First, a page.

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take a gander at this.... decimal floating point math is possibly coming to TR2. http://www.openstd.org/JTC1/SC22/WG21/docs/papers/2009/n2849.pdf ________________________________ From: James K Beard <beardjamesk@...> To: Jim Michaels <jmichae3@...>; mingww64public@... Sent: Sat, March 26, 2011 11:33:09 AM Subject: RE: [Mingww64public] mingww64 Decimal Floating Point math If the mantissa has at least seven or eight bits below the binary point, equivalence to the cents level is achieved by xy < 0.005; the halfcent is x’0.0147ae’ which can be done in any decent language. If you do it as a procedure, you can do magnitude checks to ensure that the magnitude of the currency quantity doesn’t bump the exponent too high, possibly with a check on magnitude of the binary exponent. Another aspect to consider is that rounding binary values to cents will do exactly the same thing. Every time a financial program produces output for any people to read this is done as part of the formatting for I/O. But I think that’s almost all moot. The only times we will need to go to the library are for transcendental functions (trigonometric, log, exponential, and other scientific and mathematical functions). Exponentiation to integers is usually done by computing an array of squared quantities and using the bit pattern of the exponent to roll them up into the result. For realworld financial computation where binary floating point is an issue, we are pretty much limited to exponentiations used in interest calculations, which are probably best done in binary floating point and rounded to the nearest cent. Look rationally at alternatives to doing this in decimal and binary arithmetic and you will be dealing with the reasons that all modern computers are binary, in their cores. On the other hand, if you want to do a mathematical library in baseten arithmetic, all you need to worry about is executing them vast quantities of times because practical problems will require this type of computation a limited number of times, so speed isn’t a problem, and, in the age of terabyte HDs, space isn’t either. This may be what someone wants, but you will never make a decisive case for such a library in the context of numerical analysis and computer science. James K Beard From:Jim Michaels [mailto:jmichae3@...] Sent: Friday, March 25, 2011 4:16 PM To: mingww64public@... Subject: Re: [Mingww64public] mingww64 Decimal Floating Point math I can add this: If you are doing accounting apps or anything dealing with money, or doing comparisons with relops, you want decimal, not fp. otherwise, you have problems adding .01+.01+.01, 0 not being +0 and thus you can't compare or something like that, etc. fp is NOT for comparison ops. decimal you can. ________________________________ From:James K Beard <beardjamesk@...> To: JonY <jon_y@...>; Kai Tietz <ktietz70@...> Cc: mingww64public@... Sent: Wed, March 23, 2011 10:40:30 PM Subject: Re: [Mingww64public] mingww64 Decimal Floating Point math It may not be as bad as you might think because trigonometric functions become invalid for arguments with magnitude defined by the mantissa length, not the exponent, and the exponent is removed as part of the process in log and exponentiation operations. James K Beard Original Message From: Jon [mailto:10walls@...] On Behalf Of JonY Sent: Wednesday, March 23, 2011 9:20 PM To: Kai Tietz Cc: jkbeard1@...; mingww64public@...; James K Beard Subject: Re: [Mingww64public] mingww64 Decimal Floating Point math BEGIN PGP SIGNED MESSAGE Hash: SHA1 On 3/24/2011 02:29, Kai Tietz wrote: > 2011/3/23 James K Beard <beardjamesk@...>: >> You don't need to go to BCD to convert DFP to IEEE (regular) floating point. >> A single arithmetic operation directly in DFP will exceed what you do >> to convert to IEEE floating point. I would use double precision for >> anything up to 12 decimals of accuracy, 80bit for another three, and >> simply incorporate the quad precision libraries with credit (or by >> reference, if differences in licensing are a problem) for distribution. >> >> Anything other than binary representation will be less efficient in >> terms of accuracy provided by a given number of bits. By >> illustration, base 10 requires four bits, but provides only 3.32 bits >> (log2(10)) per digit of accuracy. The only relief from this >> fundamental fact is use of less bits for the exponent, and in IEEE >> floating point the size of the exponent field is minimized just about >> to the point of diminishing returns (problems requiring workaround in >> areas such as determinants, series and large >> polynomials) to begin with. >> >> James K Beard > > Well, DFP <> IEEE conversion is already present in libgcc. So you > shouldn't need here any special implementation. I would suggest that > you are using for 32bit and 64bit DFP the double type, and AFAICS > the 80bit IEEE should be wide enough for the 128bit DFP. How big is > its exponent specified? Interesting might be the rounding. > > Regards, > Kai > Long doubles extended precision go up to 4963 (base 10) in exponent, while DECIMAL128 go up 6144, this is assuming I didn't get the docs wrong. BEGIN PGP SIGNATURE Version: GnuPG v2.0.16 (MingW32) iEYEARECAAYFAk2KnFEACgkQp56AKe10wHf30ACeKpD4YvTTR8k8pSO9njpa9pVQ /B8An1s6P6yNV1UcTdIe6evB6VrVz9IV =hBNq END PGP SIGNATURE  Enable your software for Intel(R) Active Management Technology to meet the growing manageability and security demands of your customers. Businesses are taking advantage of Intel(R) vPro (TM) technology  will your software be a part of the solution? Download the Intel(R) Manageability Checker today! http://p.sf.net/sfu/inteldev2devmar _______________________________________________ Mingww64public mailing list Mingww64public@... https://lists.sourceforge.net/lists/listinfo/mingww64public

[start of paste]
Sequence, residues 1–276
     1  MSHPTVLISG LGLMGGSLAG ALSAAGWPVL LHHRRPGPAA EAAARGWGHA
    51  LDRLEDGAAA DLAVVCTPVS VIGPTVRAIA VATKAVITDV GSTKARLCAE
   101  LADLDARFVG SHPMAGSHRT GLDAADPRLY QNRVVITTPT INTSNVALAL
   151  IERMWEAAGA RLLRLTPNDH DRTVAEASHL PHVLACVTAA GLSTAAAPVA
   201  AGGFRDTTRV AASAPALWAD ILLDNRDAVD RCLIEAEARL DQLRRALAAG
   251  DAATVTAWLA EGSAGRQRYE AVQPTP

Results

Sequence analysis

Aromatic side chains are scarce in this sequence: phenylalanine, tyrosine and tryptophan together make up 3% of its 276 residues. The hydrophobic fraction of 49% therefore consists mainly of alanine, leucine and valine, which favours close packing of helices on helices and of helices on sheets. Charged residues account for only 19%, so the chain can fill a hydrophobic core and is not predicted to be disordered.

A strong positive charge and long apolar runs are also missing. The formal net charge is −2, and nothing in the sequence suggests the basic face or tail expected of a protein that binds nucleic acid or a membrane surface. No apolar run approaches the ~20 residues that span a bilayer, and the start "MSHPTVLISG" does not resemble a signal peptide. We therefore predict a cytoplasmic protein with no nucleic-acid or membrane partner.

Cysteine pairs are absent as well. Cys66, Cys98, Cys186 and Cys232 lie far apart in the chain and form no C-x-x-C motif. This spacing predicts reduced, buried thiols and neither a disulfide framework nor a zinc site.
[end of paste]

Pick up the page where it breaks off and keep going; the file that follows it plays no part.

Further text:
From: James K Beard <beardjamesk@ve...>  20110403 14:08:03